Audley Jarvis takes a closer look at Sony’s flagship APS-C mirrorless camera

Product Overview

Overall rating:

Sony A6500

AWB Colour:8/10
Dynamic Range:9/10
Image quality:9/10
LCD viewfinder:8/10


  • - Fantastic image quality
  • - Extended memory buffer
  • - Powerful 5-axis in-body stabilisation
  • - Highly customisable


  • - No in-camera raw processing
  • - Memory card access can be fiddly
  • - Focus Area options could be more streamlined


Sony A6500 review


Price as reviewed:

£1,500.00 (body only)

At a glance

  • 24.2MP APS-C Exmor CMOS
  • Up to 11fps continuous shooting
  • 5-axis in-body stabilisation
  • 3in/921k-dot tiltable touchscreen
  • 2.36-million-dot EVF

Sony A6500 review – Introduction

The Alpha 6500 offers a staggering dynamic range (13.7 EV at ISO 100). It’s possible to pull back detail from shadowed areas where you thought it was lost

The A6500 is Sony’s latest flagship APS-C E-mount compact system camera and is essentially an enhanced version of the A6300 that provides a number of performance and handling upgrades for those with deeper pockets. Targeted primarily at enthusiasts and billed as an all-rounder the A6500 is a richly featured model that boasts some particularly attractive specifications for sports, action and wildlife photographers. These include a claimed focus acquisition time of just 0.5secs, extensive AF tracking options, an 11fps maximum burst speed and an significantly enhanced memory buffer. It’s extensive range of 4K, Full HD and HD video recording options also mark it out as a serious tool for videographers.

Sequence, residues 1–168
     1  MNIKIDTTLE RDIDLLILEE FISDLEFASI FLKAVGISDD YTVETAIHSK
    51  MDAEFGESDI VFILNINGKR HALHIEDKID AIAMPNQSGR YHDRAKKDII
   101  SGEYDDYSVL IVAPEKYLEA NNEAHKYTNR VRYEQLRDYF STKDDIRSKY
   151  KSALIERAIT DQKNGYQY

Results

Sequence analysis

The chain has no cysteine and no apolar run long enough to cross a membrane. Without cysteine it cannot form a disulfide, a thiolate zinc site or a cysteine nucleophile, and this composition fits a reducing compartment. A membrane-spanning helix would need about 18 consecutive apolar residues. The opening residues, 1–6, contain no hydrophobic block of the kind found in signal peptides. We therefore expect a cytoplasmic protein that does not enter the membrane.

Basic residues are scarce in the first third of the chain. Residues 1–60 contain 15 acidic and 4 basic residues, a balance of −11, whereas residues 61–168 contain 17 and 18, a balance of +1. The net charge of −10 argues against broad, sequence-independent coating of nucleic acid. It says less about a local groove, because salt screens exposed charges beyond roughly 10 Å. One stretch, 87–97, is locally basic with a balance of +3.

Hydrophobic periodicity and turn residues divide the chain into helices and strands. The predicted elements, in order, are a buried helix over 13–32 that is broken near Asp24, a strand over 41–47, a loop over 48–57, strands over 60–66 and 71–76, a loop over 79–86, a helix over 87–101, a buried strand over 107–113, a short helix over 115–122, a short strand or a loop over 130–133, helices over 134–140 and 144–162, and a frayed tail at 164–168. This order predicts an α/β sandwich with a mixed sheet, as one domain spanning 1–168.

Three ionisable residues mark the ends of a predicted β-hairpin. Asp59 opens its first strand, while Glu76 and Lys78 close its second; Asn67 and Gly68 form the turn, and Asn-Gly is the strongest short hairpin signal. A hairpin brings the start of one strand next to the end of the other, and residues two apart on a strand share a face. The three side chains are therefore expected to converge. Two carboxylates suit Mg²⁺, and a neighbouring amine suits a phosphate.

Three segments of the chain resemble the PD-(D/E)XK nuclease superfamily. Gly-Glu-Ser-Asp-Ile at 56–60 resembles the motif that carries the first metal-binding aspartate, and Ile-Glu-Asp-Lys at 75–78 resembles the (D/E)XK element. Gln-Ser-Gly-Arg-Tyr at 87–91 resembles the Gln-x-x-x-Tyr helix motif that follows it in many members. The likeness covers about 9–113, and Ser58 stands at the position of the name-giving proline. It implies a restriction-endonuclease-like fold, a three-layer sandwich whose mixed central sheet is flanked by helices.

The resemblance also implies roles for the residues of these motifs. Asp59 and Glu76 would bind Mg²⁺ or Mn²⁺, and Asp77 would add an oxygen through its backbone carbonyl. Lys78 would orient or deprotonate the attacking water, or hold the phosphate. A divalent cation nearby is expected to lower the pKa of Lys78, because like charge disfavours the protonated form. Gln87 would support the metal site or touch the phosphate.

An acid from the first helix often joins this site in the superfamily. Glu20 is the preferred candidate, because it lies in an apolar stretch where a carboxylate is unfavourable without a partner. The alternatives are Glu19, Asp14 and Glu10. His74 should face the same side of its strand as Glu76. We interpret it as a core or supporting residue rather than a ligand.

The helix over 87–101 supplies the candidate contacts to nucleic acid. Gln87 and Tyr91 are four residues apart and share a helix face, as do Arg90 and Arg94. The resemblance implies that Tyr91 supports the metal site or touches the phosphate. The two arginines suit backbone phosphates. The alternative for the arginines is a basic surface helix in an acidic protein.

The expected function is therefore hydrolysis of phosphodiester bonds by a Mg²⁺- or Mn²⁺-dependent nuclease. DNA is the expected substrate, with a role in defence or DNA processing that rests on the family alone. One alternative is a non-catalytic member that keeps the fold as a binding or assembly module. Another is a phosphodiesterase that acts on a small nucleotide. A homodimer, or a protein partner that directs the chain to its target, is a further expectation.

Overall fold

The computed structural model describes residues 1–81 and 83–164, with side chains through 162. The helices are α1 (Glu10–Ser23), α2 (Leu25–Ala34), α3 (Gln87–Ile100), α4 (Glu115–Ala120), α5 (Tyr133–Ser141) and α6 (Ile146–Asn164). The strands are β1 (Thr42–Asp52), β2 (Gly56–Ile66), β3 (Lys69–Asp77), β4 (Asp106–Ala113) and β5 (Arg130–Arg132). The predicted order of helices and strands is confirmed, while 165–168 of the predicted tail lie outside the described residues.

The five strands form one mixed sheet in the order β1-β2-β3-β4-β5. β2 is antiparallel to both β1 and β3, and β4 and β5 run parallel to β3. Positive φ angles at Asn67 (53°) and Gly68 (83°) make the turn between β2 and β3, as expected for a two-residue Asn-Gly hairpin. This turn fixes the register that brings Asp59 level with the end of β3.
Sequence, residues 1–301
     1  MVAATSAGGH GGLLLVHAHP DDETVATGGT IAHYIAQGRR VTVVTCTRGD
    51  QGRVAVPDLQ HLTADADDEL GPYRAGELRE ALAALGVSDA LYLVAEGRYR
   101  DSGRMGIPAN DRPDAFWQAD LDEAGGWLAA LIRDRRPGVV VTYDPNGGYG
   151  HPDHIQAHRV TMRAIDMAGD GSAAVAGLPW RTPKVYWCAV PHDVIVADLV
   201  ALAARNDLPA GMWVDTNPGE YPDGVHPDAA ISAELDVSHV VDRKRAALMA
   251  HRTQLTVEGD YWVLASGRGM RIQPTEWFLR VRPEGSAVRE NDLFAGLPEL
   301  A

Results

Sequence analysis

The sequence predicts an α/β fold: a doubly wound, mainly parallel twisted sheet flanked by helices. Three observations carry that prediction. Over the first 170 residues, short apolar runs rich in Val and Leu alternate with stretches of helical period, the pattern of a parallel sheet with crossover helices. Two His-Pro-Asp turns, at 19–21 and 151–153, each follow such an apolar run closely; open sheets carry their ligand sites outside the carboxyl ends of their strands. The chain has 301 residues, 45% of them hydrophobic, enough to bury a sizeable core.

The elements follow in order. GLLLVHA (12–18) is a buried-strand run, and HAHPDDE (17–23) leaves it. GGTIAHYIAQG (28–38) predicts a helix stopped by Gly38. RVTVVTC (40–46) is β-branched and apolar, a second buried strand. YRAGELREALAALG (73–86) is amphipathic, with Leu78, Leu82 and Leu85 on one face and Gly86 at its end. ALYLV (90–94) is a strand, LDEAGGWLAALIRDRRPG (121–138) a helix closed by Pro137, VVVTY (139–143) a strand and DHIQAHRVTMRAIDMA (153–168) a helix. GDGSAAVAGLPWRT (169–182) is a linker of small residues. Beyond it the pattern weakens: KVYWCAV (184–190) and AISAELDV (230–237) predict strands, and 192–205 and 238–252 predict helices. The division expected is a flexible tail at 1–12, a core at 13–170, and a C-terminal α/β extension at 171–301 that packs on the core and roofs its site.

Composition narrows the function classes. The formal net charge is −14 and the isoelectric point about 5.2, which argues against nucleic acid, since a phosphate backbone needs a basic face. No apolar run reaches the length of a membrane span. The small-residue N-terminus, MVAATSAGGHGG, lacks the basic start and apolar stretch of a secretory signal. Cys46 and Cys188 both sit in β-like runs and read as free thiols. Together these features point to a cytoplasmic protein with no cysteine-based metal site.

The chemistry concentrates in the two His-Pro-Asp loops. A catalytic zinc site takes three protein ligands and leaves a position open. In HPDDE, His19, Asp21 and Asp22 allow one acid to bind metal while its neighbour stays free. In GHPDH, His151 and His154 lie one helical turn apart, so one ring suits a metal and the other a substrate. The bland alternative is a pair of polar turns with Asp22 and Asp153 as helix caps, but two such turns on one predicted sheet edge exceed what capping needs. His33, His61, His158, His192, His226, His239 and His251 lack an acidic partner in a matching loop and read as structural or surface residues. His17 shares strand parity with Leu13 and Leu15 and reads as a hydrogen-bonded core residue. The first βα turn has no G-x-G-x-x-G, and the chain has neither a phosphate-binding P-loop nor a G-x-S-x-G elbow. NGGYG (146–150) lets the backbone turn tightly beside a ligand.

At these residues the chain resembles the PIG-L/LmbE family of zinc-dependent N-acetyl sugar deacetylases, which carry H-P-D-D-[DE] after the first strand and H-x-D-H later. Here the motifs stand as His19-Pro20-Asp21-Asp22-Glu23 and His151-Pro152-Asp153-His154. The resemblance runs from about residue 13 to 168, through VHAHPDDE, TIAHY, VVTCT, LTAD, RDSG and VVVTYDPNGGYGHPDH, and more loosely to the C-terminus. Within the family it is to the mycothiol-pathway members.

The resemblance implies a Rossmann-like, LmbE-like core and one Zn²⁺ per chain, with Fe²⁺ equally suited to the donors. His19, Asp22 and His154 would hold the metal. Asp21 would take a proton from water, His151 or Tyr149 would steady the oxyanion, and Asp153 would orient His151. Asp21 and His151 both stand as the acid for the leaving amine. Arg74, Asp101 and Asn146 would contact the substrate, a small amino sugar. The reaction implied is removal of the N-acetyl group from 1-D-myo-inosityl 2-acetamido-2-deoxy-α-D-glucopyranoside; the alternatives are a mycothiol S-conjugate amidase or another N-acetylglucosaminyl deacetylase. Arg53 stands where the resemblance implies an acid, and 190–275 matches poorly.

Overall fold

While the A6300 updated the then two-year-old A6000 with a fairly extensive list of hardware and specification upgrades, the differences between the A6300 and the A6500 are actually quite a bit more subtle. That said there are some notable changes, the most headline-grabbing of which is arguably the addition of built-in 5-axis image stabilisation. In addition the A6500 also benefits from a new front-end LSI chip for faster throughput and improved buffer performance and a touch-sensitive rear LCD display. Elsewhere, other improvements include a new shutter mechanism, the addition of Slow and Quick (S&Q) video modes, the ability to extract 8MP still images from 4K footage in-camera, and a redesigned menu system that features colour-coded tabs for more intuitive navigation.

  1. 1. At a glance
  2. 2. Sony A6500 review - Features
  3. 3. Sony A6500 review - Build and handling
  4. 4. Sony A6500 review - Autofocus
  5. 5. Sony A6500 review - Performance
  6. 6. Sony A6500 review - Dynamic range, resolution and noise
  7. 7. Sony A6500 review - 5-axis Image Stabilisation
  8. 8. Sony A6500 review - Video
  9. 9. Sony A6500 review - Our verdict
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